Why a better support system is a must to help parents of kids with LLCs

Caring for a child with a life-limiting condition upends all sense of social normalcy, so social support is imperative for these parents to prevent caregiving burnout. — 123rf

LIFE-LIMITING conditions (LLC) are medical conditions with no reasonable hope for a cure, even with the current advancements in medical science. Certain syndromes that children are born with fall under this category, including cystic fibrosis and Duchenne muscular dystrophy.

Parents are usually ill-prepared to have a child with LLC. It is not part of the usual parenting playbook. And changing this script is very difficult, especially when faced with the possibility that their child’s life might be shortened.

So, what can parents and family members do? Where can they reach out for help? What can be done by others for such families? These questions were posed to me recently and they got me thinking about services for such concerns.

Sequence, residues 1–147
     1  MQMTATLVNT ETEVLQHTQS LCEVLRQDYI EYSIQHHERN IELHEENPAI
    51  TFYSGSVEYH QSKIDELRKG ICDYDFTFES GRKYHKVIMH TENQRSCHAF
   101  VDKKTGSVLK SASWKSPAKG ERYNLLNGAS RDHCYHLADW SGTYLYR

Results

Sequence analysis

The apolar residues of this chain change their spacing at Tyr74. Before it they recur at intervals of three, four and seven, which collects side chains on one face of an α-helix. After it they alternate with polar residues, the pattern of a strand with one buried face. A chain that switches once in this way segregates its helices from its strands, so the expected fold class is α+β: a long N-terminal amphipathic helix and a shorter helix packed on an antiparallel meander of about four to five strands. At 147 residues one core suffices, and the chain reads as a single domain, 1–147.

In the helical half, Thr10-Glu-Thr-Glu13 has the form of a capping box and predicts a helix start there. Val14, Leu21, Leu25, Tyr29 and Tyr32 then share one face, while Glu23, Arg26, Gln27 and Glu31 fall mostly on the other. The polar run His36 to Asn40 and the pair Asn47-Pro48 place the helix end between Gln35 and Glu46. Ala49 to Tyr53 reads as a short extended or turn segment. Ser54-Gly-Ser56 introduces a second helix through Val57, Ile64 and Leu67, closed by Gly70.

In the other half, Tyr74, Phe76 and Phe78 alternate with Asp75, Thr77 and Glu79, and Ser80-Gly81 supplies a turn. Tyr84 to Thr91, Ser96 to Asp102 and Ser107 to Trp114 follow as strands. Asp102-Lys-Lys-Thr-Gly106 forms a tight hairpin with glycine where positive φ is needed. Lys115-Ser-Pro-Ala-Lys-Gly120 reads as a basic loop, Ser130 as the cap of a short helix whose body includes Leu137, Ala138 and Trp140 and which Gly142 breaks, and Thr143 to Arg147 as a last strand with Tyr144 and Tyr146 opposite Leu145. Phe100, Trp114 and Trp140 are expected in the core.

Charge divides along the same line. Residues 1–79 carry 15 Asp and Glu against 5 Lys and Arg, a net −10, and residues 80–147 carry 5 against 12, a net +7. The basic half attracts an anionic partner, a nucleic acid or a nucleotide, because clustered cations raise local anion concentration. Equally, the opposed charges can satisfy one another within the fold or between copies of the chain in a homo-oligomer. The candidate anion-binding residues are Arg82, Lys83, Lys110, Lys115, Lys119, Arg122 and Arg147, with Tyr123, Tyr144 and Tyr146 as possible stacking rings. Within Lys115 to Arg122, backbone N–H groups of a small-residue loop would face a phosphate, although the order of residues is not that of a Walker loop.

As a society, we are not prepared to face the shortened life of a child. Paediatric palliative care is extremely rare in our healthcare system and even then, it lacks trained professionals to provide effective service.

Health professionals themselves often lack the skills to help parents manoeuvre the healthcare system to get support, partly because of the severe shortage of expertise, services and facilities that provide palliative care for children.

We know that paediatric palliative care contributes to significant improvements in quality of life not just for children with LLCs but also for their parents, family members, and to some extent, the medical care providers. In the absence of organised palliative care services, what can we do?

Global standards

I came across a revised paediatric palliative care standards published in 2022 based on a global overview of research in this area. These standards highlight the needs for identifying practical challenges that caregivers, usually parents, go through and addressing them as a system. These challenges are often emotional, cognitive, social and financial, on top of altering family dynamics.